Deputy Sheriff Santa Clarita, Esteban Perez and Carmengdiel, enjoyed the afternoon when local and state-level government leaders recognized their dedication to public security.
“It’s a great honor,” said Gudiel. “My heritage, culture, and everything my parents brought from their country and taught me changed me to me today, and it took me here. It shows not only my efforts, but their efforts and everything they did for me. ”
Congressmen Suzzette Vallardares, R-Santa Clarita, Santa Clarita Mayor Bill Miranda, Councilwoman Marsha McLean, and Los Angeles County Supervisor Kathryn Barger presented their certificates to two agents at the Santa Clarita Valley Sheriff’s Ceremonial Garden on Wednesday. ..
Ballidares recognizes outstanding Latino Americans in her district, including most of the SCV, along with Hispanic Heritage Month. Miranda, McLean, and Berger participated in support of the two lawmakers and the rest of the sheriff’s office.
“We support you 100%,” Miranda said. “We have always supported you 100%. As long as we are in the council, we will continue to support the sheriff department 100%.”
Perez moved to the SCV Security Office after starting working as a patrol officer at Lancaster Station for about seven years. He also has a remarkable number of arrests and dozens of praises from supervisors and civilians.
“Steve is one of the people I can trust, always smiling and always volunteering for everything,” said Sheriff Captain Justin Deeds. “I’m very lucky he’s at this station.”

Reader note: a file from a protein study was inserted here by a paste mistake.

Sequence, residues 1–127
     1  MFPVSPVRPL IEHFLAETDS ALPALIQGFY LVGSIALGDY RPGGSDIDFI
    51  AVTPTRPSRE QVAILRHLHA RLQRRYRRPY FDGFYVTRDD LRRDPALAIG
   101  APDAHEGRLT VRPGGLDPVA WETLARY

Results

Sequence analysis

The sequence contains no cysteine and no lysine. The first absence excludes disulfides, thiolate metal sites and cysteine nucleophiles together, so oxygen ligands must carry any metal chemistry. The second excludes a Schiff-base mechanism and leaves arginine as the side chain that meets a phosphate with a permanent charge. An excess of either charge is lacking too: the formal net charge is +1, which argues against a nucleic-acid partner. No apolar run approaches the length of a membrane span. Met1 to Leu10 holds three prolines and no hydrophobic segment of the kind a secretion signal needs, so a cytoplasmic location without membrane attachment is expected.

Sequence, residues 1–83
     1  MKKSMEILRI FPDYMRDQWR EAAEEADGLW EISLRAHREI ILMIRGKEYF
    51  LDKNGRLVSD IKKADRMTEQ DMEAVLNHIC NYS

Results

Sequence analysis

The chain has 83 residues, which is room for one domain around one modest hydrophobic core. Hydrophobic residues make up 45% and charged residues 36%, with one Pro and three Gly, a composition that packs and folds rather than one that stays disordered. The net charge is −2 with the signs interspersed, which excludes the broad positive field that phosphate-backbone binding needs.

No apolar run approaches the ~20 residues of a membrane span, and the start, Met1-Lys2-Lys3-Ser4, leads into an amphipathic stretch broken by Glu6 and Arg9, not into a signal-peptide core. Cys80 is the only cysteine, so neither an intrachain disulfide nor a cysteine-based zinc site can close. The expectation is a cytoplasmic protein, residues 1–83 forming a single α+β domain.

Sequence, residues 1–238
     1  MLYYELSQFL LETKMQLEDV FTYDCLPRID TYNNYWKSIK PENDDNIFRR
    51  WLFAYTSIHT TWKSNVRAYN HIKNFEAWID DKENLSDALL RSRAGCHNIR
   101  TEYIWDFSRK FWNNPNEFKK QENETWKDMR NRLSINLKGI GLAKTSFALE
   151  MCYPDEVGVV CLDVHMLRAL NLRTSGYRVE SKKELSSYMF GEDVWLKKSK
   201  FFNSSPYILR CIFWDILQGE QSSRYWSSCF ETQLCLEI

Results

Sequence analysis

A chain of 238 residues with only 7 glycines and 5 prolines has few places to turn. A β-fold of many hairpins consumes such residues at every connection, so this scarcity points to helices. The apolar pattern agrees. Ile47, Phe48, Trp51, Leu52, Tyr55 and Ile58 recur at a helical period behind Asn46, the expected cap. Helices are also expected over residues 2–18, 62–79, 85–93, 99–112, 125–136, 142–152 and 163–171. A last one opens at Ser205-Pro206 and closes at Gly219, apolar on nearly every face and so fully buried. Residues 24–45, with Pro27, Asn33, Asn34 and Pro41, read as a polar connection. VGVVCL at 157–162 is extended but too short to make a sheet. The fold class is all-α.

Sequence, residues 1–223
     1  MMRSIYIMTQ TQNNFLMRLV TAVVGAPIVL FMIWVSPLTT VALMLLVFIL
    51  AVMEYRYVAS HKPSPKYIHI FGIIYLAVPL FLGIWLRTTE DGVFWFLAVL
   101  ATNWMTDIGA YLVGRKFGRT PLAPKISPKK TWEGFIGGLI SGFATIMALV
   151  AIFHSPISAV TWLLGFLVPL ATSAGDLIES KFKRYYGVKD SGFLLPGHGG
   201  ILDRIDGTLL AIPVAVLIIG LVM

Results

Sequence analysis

Gudiel has been in the department for 16 years and began working as a reserve lieutenant before accepting a full-time lieutenant.
“Carmen has a very unique story,” Diez said. “She was seriously injured during training, and perhaps for many in the department it was a career-ending injury, but Carmen returned and became a productive member of the station.”
Her skills were recognized by her boss and manager, and she was eventually elected adjutant for operations, Diez added.
“She helps us run the entire station,” Diez said. “It’s everything from paperwork to COVID-related obligations. We certainly couldn’t work without you, and I don’t physically know what I would do without you.”
Gudiel and Perez said their parents tried to discourage them when they said they wanted to pursue a career in law enforcement. Still, they stayed firmly on their goals and reached the point of their career where they were honored for their work.
Gudiel added that pursuing a career in law enforcement is difficult both mentally and physically, but the benefits of serving the community make it worthwhile. Perez said he would encourage more Hispanics to pursue a career in law enforcement.
“We don’t always meet people on the best days, we have that knowledge, culture and background so we can understand and help others,” Perez said.
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